Plan your website

What do you want to have on your site? The path between “Hey! I need a website” and “I know exactly what the site should have; it should have this… and that…” has moments of murkiness. And some meandering.

In my experience, it’s easier to define things for others than it is for yourself. Many of the decisions you need to make are marketing decisions. What are you offering to the rest of the world, and what is the best way to make that offer?

Web site decisions, marketing decisions. Whatever. Still, they’re decisions that need to be made, no matter what, before your site is created. And you’re the decider.

Here are some thought experiments to help get you started with a plan.

Imagine the website working for you, successfully.

Think forward in time. Your site is done. It works. In fact, it works very well. What does that look like?

Your visitors are happy they arrived, because they… (fill in that blank)

You’re happy with where you are with the site, because you now… (fill in that blank)

Okay, what do those pictures look like? What do those pictures tell you about what you need to have on your site?

Who is your site visitor?

Focus for a bit on your happy site visitor. Who is that person? What does he or she do? What goal does that person have? and How does your site help the visitor meet that goal?

Here are some ideas. The visitor:

  • needs to be entertained, inspired, informed.
  • needs to know you’re legitimate. You have web presence to help establish your bona fides.
  • needs to find your location, your hours, how to reach you.
  • needs to see samples of your work (portfolio/tear-sheets/movie clips/audio clips)
  • needs to become aware of your expertise.
  • needs to learn about products your offer
  • needs to learn about services your offer
  • needs to discover that making a web site is within reach, and that the bulk of the work can be done in one day. (well, that’s my reason ;))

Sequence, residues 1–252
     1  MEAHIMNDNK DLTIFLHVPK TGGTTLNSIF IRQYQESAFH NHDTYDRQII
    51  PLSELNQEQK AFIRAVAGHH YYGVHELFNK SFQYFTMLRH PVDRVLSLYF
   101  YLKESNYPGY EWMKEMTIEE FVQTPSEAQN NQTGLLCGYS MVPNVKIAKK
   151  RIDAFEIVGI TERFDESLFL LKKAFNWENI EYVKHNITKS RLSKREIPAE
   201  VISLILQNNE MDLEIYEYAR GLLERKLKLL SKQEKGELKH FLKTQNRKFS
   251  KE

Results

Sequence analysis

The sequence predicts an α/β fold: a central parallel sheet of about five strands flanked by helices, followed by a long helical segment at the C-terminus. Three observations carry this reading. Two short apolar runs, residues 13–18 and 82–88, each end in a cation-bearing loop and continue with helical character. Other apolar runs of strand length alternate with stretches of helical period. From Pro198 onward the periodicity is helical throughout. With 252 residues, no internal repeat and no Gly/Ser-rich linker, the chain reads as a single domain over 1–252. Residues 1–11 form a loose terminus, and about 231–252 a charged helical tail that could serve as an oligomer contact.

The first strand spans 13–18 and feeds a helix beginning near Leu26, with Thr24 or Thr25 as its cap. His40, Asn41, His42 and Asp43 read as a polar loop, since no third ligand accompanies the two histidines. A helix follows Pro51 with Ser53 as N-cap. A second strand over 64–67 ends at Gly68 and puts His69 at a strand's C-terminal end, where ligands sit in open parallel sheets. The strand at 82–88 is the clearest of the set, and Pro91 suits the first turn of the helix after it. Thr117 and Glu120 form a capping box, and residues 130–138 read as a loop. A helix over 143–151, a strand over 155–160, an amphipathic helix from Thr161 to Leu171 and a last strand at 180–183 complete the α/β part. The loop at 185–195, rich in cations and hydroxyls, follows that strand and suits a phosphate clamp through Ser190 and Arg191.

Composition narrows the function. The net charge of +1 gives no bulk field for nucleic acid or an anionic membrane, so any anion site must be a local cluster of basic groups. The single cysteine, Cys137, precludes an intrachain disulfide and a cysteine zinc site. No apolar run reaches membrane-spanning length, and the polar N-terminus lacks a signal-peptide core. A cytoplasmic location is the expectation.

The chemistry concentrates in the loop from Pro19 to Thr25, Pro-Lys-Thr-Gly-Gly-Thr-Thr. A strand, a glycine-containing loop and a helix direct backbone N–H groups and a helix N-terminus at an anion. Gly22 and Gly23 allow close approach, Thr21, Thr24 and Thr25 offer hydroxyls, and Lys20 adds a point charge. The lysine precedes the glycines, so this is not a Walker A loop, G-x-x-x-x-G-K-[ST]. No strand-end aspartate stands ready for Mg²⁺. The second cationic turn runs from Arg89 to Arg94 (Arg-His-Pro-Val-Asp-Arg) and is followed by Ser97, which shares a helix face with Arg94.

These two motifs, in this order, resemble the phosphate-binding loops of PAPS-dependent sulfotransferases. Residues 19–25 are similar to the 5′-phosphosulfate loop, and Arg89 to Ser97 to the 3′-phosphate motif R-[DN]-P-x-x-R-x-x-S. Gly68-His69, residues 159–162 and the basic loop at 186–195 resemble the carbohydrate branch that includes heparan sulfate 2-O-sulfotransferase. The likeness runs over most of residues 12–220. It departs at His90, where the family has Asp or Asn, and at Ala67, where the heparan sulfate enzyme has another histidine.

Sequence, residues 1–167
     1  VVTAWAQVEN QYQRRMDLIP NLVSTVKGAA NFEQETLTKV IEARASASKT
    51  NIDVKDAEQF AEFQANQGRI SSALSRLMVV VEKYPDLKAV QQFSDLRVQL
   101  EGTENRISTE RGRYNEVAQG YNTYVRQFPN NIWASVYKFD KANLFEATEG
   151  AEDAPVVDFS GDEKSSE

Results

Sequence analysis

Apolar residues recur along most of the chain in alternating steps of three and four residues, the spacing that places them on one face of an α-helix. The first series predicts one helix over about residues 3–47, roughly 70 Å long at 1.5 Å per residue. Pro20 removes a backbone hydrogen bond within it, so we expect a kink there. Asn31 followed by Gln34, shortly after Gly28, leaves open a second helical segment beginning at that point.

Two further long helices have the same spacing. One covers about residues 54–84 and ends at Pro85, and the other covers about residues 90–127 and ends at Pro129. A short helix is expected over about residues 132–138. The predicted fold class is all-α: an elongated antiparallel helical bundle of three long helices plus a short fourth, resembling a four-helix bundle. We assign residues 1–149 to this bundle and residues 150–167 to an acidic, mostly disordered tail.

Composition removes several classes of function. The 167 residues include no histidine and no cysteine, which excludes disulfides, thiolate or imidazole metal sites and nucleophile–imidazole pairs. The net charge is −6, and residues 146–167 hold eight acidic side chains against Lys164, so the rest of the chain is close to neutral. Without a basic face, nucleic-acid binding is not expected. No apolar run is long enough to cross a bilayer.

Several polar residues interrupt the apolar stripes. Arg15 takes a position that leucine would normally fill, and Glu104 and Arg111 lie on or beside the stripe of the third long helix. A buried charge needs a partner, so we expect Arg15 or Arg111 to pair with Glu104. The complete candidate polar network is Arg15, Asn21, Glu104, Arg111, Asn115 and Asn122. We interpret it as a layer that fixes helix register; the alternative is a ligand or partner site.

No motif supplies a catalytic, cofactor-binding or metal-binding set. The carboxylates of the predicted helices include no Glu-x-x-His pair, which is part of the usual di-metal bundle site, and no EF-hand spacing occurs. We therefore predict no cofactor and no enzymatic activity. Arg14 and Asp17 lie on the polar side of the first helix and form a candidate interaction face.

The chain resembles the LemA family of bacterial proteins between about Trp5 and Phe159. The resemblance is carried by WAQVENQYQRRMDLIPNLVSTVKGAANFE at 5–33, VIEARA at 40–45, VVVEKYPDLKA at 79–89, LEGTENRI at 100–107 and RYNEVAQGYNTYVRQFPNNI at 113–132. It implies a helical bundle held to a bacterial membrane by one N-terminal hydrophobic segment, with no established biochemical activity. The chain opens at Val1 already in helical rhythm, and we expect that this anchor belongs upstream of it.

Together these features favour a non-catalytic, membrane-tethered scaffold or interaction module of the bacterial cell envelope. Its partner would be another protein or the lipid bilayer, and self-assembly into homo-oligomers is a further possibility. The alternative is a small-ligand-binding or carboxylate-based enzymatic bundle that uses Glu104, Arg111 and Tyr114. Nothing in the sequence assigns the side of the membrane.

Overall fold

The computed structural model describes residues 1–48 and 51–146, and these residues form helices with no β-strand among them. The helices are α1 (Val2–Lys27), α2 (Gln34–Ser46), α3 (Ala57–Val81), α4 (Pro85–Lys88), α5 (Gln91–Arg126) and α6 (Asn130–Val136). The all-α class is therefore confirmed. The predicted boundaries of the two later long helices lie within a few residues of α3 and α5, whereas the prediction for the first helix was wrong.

Write as many statements about what your visitors want and need, and how your site will help them.

What does this thought exercise tell you about what you need to have on your site?

Surf With Intention.

Go surfing. Not randomly, but consciously. Surf to sites that are like the one you wish to have. Visit the sites of your competitors. Or colleagues. Or contemporaries. What do they have on their sites?

What do you like? What don’t you like?

Keep a list. It may look something like this:

I like site XYZ’s layout. Text is big enough to read. I can find my way around. Site PQR’s color scheme looks sophisticated, but the low contrast makes it hard to read the blocks of text. I went to site ABC and found myself immediately hunting for a Contact Us link. I looked and looked and it was only later that I found the Company link that had a sub-page where I could contact them. It was right in front of my face but for some reason, I couldn’t see it!

Pay attention to your observations. You’ll see what you like, what makes a site easy (or not easy) to visit. You’ll get a better idea of your preferences, and you’ll discover some standard conventions shared by web sites of that type.

Look at structure. Look at pages. Are there some standard pages?

Here are some common names for pages or sections of web sites:
About | Contact | Samples | Testimonials | Find Us | Terms of Service

Think about that visitor, the one who is so happy to visit your site. What does the visitor want to know? What page is there that makes it easy for him or her to find it?

Search Engines and Directories

How does your visitor find your site in the first place? What search terms might your visitor use? What do you find when you use those terms? If your visitor were to use a directory (such as the open directory project, yahoo’s directory), how would that person find your site? Be sure to note the search words or phrases: you’ll want to make sure those are a part of your site.

Go to search engines (Here’s a list of em. Another list) and to directories and see what happens when you enter search terms that might be useful for your realm.

About this site

Formerly “All Things Bryce” this site is home to the professional consulting business of Susan A. Kitchens, AuntiAlias & Associates.

What is AuntiAlias, anyhow?

AuntiAlias is a pun on the word antialias. In computer graphics, anti-aliasing is the process of adding what seems to be blurry in-between pixels to smooth the image so it won't appear so "jaggy." The pun came about in the early days of Bryce, the 3D landscape software. Bryce's final rendering pass is anti-aliasing. On the software's support boards, I'd sign my posts as "Auntie Alias." I thought, "Hey, I'll make that into a screen name!" The 10-character limit resulted in this spelling you see here: auntialias.

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